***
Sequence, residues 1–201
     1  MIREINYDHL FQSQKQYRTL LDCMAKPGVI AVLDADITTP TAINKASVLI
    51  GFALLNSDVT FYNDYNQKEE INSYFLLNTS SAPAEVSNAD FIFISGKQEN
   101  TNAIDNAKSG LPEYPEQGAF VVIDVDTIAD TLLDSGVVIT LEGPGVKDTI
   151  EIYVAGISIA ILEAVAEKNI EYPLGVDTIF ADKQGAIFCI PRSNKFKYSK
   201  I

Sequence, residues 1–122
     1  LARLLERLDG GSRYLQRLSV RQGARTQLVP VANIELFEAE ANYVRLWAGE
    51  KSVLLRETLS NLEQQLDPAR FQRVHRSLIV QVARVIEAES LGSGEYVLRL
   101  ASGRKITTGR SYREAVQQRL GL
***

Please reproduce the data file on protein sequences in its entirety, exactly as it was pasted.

Sequence, residues 1–201
     1  MIREINYDHL FQSQKQYRTL LDCMAKPGVI AVLDADITTP TAINKASVLI
    51  GFALLNSDVT FYNDYNQKEE INSYFLLNTS SAPAEVSNAD FIFISGKQEN
   101  TNAIDNAKSG LPEYPEQGAF VVIDVDTIAD TLLDSGVVIT LEGPGVKDTI
   151  EIYVAGISIA ILEAVAEKNI EYPLGVDTIF ADKQGAIFCI PRSNKFKYSK
   201  I

Sequence, residues 1–122
     1  LARLLERLDG GSRYLQRLSV RQGARTQLVP VANIELFEAE ANYVRLWAGE
    51  KSVLLRETLS NLEQQLDPAR FQRVHRSLIV QVARVIEAES LGSGEYVLRL
   101  ASGRKITTGR SYREAVQQRL GL